(February 1999)

   The myriads of asteroids are akin to our immune system, or the microbes with which antibodies or leukocytes "engage" in battle. Like them, asteroids are many, disseminated all around the system. Like them, they are essential to our integrity but remain "small",  invisible, unconscious, in the dark. Like them, they act as a collectivity, and produce inflammations and disease, pain... but it is all part of the healing and the striving of the whole to remain whole. 

   Probably not the more regular, well-behaved orbits of the main-belt asteroids, though. I see this immune system analogy mainly in the orbit-crossers, like apollos and centaurs. They are really fighters, catalysts, intensifiers, destroyers and liberators (in other words, all those asteroids with high eccentricity and inclination). They inflict pain, but it is a healing pain. And especially the centaurs, "they come from afar", from the other side, from what is apparently not me, from what looks as my enemy (disease, pain, death) but is really my healer and my very self.

   Crossers like Pholus don't respect boundaries; they will penetrate, like an invasion, into our cultural conditionings, into our shadows, manifesting themselves in areas of our lives which correspond to the planets they cross. They will provoke our immune reaction: this is why we are strengthened, like a homeopathic effect, or like the effects of a vaccine. What looks as an enemy is really a friend, a healer, a teacher on wholeness. It is something that comes from the vastness of life and opens our hearts to the darkness that, after all, was not so dark, and is there for us to love. 


   Christian Friedrich Samuel Hahnemann was born April 10, 1755, at midnight (10-11) in Meissen, 51N11/13E28. The hour is from Notable Nativities, which cites Zadkiel's "The Future", i:166, Feb-Dec.1892, "time approximate". I have no other source, but the "t.a." suggests that they were using one. We have: 

   Chiron = 9,08 Cap 
   Pholus = 11,41 Cap 
   Nessus = 25,08 Sag 
   Pluto = 16,05 Sag 
   Ascendant = 18 Sag 

   July 2, 1843, 12h GMT (death): 

   Sun = 9,54 Cancer 
   Pholus = 6,56 Capricorn 

   Hahnemann died at the time of his Pholus return, which was then in opposition to the Sun, 2.5 degrees past the exact point (precession-corrected), while the Sun was in opposition to his natal Chiron, by less than a degree, and very closely moving to the opposition to natal Pholus. (Transiting Pluto was in conjunction with his natal Sun by 2.2 degrees at the time of death, but if we correct for precession, that would place Pluto only 58' from his natal Sun).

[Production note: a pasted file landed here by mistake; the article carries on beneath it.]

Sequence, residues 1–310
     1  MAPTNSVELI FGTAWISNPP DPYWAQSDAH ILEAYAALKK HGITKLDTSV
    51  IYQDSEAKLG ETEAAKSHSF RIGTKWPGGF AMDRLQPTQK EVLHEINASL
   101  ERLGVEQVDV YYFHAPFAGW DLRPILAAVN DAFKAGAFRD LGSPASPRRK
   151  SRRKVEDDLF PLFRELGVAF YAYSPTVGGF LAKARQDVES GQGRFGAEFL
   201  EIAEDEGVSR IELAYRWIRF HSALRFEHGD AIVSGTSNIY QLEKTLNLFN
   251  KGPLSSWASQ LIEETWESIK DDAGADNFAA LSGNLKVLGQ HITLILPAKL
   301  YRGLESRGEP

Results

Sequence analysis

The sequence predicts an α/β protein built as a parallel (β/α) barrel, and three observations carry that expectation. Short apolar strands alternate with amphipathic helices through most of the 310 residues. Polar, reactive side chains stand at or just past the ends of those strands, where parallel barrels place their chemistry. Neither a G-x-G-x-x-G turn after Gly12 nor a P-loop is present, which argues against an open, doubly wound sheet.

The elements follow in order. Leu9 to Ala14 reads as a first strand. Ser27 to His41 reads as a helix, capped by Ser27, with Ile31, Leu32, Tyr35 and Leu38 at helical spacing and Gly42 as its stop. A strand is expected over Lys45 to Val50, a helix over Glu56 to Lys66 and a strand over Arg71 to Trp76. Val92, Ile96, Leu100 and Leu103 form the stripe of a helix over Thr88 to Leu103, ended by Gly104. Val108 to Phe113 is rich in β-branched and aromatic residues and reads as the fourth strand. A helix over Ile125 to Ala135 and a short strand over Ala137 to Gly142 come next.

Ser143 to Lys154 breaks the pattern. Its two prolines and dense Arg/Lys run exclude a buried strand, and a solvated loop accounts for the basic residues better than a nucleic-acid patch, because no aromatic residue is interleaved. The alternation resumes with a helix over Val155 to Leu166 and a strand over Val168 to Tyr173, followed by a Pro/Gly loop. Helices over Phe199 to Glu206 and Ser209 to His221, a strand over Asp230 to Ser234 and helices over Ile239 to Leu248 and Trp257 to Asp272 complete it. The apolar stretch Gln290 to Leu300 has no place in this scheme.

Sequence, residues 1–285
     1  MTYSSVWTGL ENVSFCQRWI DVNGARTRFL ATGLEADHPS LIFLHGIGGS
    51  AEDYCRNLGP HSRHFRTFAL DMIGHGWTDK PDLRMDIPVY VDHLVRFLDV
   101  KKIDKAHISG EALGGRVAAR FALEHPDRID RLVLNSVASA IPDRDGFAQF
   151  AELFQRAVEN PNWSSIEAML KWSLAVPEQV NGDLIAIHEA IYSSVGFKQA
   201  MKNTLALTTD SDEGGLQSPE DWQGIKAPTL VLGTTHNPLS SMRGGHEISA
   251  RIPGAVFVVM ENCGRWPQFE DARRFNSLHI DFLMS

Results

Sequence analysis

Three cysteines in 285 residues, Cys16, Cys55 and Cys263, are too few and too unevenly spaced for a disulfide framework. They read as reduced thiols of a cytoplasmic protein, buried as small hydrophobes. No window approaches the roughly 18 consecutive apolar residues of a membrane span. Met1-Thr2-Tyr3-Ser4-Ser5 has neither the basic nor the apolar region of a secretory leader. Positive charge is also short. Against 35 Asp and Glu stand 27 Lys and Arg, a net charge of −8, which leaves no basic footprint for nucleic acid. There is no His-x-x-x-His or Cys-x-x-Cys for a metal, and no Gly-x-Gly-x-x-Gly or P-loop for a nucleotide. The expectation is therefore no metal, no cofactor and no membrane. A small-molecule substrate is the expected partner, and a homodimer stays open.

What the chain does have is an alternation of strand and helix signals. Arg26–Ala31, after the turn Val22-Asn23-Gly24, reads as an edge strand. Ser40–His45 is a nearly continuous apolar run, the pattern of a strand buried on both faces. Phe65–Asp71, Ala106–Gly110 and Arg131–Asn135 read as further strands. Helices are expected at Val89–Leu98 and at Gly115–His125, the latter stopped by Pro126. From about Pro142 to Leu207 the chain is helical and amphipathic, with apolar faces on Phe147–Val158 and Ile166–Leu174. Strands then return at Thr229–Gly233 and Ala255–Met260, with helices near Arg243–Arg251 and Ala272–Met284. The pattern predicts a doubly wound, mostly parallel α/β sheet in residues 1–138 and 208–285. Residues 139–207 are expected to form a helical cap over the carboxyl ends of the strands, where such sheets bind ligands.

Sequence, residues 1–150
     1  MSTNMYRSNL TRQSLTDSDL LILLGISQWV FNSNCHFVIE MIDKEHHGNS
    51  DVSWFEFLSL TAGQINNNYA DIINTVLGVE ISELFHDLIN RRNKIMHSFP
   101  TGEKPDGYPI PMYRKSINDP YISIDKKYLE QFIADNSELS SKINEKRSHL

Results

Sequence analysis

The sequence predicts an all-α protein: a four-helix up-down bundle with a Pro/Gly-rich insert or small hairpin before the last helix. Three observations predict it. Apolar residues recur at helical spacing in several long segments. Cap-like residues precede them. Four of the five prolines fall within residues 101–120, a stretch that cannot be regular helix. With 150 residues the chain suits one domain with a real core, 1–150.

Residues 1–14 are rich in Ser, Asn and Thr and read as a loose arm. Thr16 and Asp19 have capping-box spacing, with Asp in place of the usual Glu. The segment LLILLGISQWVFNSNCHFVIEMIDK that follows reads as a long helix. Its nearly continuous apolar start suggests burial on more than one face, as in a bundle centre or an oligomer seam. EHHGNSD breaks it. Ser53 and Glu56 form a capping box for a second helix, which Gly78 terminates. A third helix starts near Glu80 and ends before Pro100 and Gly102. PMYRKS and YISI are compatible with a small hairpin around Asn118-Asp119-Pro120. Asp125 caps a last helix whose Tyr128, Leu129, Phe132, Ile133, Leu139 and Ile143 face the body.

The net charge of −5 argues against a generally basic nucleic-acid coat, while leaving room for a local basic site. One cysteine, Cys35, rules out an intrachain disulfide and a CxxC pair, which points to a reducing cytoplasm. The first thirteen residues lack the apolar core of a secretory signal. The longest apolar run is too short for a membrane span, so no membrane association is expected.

I've always believed that the horoscope of death offers us a picture of what the person "left" as deeds in the earth, his work, his legacy, that for which he will be identified by future generations, something that transcends his personal life. So this opposition with the Sun suggests that his consciousness, his will, his purpose, his presence... is strongly identified with Pholus. 

   In 1810, Pholus was at perihelion, staying at his closest distance from Earth. It was in this year that the "Organon" was first published. Pholus wouldn't approach the Earth again until 1901. This may mean something, since Nessus was at aphelion in 1809, at his farthest point from us. 

   I don't know what this Pholus means, but it certainly is here very significant. It shows how revealing dynamical astrology can be, too. But what is he telling us? How would you relate the two, homeopathy and wolves? It can be done with the "similitia similibus curantur" principle. Can you see it?

   What I see as an enemy that wants to hurt me or destroy me, what I keep away and in fear, what is outcast... I can touch... for a while, for a little bit, like a little friend... I can feel... that it is part of me... and by loving, by embracing it without fear... for a little bit.. like a little friend, I can heal.. both them and me!


   There is a disease named after wolves. It is "lupus erythematosus", and is usually mortal. Why was it called "lupus"?

   My encyclopedia says: <<Among the features that lead to identification of the disease are the typical skin lessions, the characteristic way in which the skin reacts to sunlight, the inflammation of the joints that does not cause deformity, the inflammation of the kidneys, and the presence in the blood of autoantibodies that bind to the nucleic acid and protein constituents of cell nuclei. The chemical binding action triggers the inflammatory process. The first of these typical autoantibodies to be recognized was named the lupus erythematosus cell factor.>> [Britannica]